Bien sûr, with you, it’s always time to go!” He sat up slowly, hair tousled, badly hungover and eyes red. He looked like a caged beast.

She regarded him with disgust.  She’d discovered a few months into the marriage that he was a functional alcoholic, able to hide it during the day but most of the time in the evening so drunk that he became abusive.  She had been about to leave him when she became pregnant, after which her emotional life see-sawed between thinking he would change as soon as the baby arrived, and feeling utterly trapped and hopeless.

“Come on, Pascal, we don’t want to be on those crummy roads in mid-day. You’re the one always complaining about the dust that gets into everything, so let’s leave early for once.” She turned and went into the bathroom.

The smell of perfume drifted into the room, rousing him from the bed. He walked into the bathroom and grabbed her breasts from behind.

“Pascal! Hurry up and get dressed!” Sharon, half-smiling, pushed him away impatiently as he tried to embrace her.

Oui, ma petite salope,” he said, leaving and beginning to assemble his clothes. It was clear the battle of their wills was already beginning.

“Where do you think the boy is with our breakfast? These Africans are so stupid! You have to tell them the same thing ten times.” He shook his head in disbelief. “You know Trisha,” he said, turning to me, “if we French weren’t here the whole place would be lost, I swear.”

There was a knock on the door and Pascal watched as a young boy, about thirteen, carefully and slowly walked in with a very heavy breakfast tray.

“Well, it’s about time! I’m starving,” Pascal yelled. “Put the tray over there.”

He pointed to a small table near the bed and went back into the bathroom to shave. Sharon and I watched as the frightened boy put the tray onto a larger, wider table.

“The other is too small, madame,” he said shyly in his tribally accented sing-song French.  Normally at home he spoke the language of his people, the Baule, one of the many tribes there..

“That’s fine, and thank you for bringing us this lovely breakfast. Bonjour.” Sharon smiled at him as the boy bowed solemnly and walked out.

Sharon had written to me that breakfast in Africa was always a simple one: fresh fruit, a roll, some juice and a pot of tea or coffee, with cream. The latter was the French influence, another example of one of the absurd legacies colonization had left behind. There weren’t a lot of dairy cows in this part of the world, not to mention dairies, but the country, having attempted to take on the appearance of the Western world under the not so benevolent guise of French culture, served in its hotels and restaurants a rather peculiar tasting cream. The French, having instituted this and other much larger ills, never could find the good spirit to accept the Africans’ attempts to graciously please, but rather were always heard to remark patronizingly that, “things were so much better in France.”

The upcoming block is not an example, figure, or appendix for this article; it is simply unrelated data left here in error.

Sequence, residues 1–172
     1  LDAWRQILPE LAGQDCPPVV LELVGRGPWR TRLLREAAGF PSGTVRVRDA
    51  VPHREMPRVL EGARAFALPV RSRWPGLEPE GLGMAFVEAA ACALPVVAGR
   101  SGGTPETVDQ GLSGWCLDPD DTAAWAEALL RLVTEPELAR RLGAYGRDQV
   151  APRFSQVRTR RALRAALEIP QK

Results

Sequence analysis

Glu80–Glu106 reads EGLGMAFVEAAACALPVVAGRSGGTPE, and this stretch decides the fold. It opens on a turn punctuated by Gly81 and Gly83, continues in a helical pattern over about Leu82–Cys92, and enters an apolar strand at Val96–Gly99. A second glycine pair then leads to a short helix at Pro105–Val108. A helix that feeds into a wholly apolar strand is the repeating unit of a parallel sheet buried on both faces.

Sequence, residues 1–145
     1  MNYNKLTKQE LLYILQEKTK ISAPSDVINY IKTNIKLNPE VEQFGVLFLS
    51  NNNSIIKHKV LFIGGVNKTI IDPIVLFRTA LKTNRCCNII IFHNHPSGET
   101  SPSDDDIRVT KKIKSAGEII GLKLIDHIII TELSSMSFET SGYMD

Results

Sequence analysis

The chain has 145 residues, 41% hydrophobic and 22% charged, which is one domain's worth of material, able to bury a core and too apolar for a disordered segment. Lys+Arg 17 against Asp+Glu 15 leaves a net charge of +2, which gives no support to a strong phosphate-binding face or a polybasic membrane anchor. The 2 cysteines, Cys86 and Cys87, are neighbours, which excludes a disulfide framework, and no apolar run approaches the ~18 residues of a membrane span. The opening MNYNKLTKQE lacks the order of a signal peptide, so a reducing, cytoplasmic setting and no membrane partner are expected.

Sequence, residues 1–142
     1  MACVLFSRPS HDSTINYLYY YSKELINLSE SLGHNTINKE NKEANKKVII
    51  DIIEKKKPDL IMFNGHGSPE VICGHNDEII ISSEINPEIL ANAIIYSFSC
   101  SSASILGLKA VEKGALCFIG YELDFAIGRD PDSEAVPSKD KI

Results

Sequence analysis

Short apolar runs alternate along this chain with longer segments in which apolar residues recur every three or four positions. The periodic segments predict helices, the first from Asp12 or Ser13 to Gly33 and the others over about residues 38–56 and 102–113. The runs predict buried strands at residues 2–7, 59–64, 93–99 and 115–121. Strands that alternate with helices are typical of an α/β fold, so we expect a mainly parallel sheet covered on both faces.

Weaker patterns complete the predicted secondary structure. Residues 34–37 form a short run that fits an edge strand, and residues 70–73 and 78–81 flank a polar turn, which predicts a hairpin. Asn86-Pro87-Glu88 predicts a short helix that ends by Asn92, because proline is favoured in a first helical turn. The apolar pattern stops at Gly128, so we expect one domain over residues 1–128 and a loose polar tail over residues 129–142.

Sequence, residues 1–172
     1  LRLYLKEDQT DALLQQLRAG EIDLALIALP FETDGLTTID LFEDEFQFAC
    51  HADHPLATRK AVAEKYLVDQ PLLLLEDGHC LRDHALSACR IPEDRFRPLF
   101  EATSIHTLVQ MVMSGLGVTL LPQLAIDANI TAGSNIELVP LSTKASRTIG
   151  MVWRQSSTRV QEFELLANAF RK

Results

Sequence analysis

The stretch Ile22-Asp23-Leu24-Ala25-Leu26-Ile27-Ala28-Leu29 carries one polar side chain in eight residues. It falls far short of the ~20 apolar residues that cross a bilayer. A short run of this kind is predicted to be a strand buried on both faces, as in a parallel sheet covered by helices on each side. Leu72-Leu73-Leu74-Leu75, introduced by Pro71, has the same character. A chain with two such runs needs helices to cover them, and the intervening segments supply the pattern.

Sharon had told me that she and Pascal had fought over this attitude a lot while in Africa. For her, this was Africa and she wanted to see it so; it was most definitely not France…or America, for that matter. But Pascal felt it should be molded in France’s image, no matter what the cost. He came out of the bathroom and pointed at the tray. “See, I told you the little buggers are idiots. He didn’t even put it where I told him to.”

Sharon smiled a small, tight smile and shrugged. I stared woodenly at the wall trying to compose myself. When Sharon had asked me to visit, this wasn’t what I was expecting.  As Pascal went back into the bathroom to finish shaving, Sharon whispered to me to interact with Pascal as little as possible during moments like these. It would help to reduce the level of stress since she knew by now that contradicting him would provoke an angry tirade. What had she gotten herself into? I wondered.

After breakfast we began the long drive back to their home in the hot and dusty interior. The interior, as recently as forty years ago, had still been covered in a vast and intricate rain forest, but post WWII greed had devastated the land in half that time. The extensive French logging had left behind no wild animals in the countryside, no flora of distinction either, only the sparse growth of new spindly trees and plants that could survive in what was now a depressing wasteland.

As Pascal was driving, Sharon told me she hated these long trips from their home into the city for supplies. The sight of the bleak, decimated countryside speeding by always left her feeling empty and sad.

They’d had a whirlwind courtship. Willing to do anything to get away from New York and her dysfunctional family, Sharon had immediately said yes when Pascal proposed to her. Their differences were obvious, but that had been part of the attraction. And at the time, an exotic life in Francophone Africa had seemed so glamorous. But now Sharon was three months pregnant and the glamour was fading.

We had been on the road for about an hour when I noticed hundreds of tiny dark shapes grouped like bunches of grapes in the limbs of the tallest trees. They made odd, squeaking noises. Nearby was a small local market.

“Pascal, do you know what those birds are?” I asked.

“Sure,” he laughed, pulling over to the side of the road. “Get out and come with me. I’ll show you.”

We walked over to a tree and looked up. I let out a gasp. “My God, they’re bats!” I could see them hanging, upside down, thousands of shiny black eyes glittering in the sun.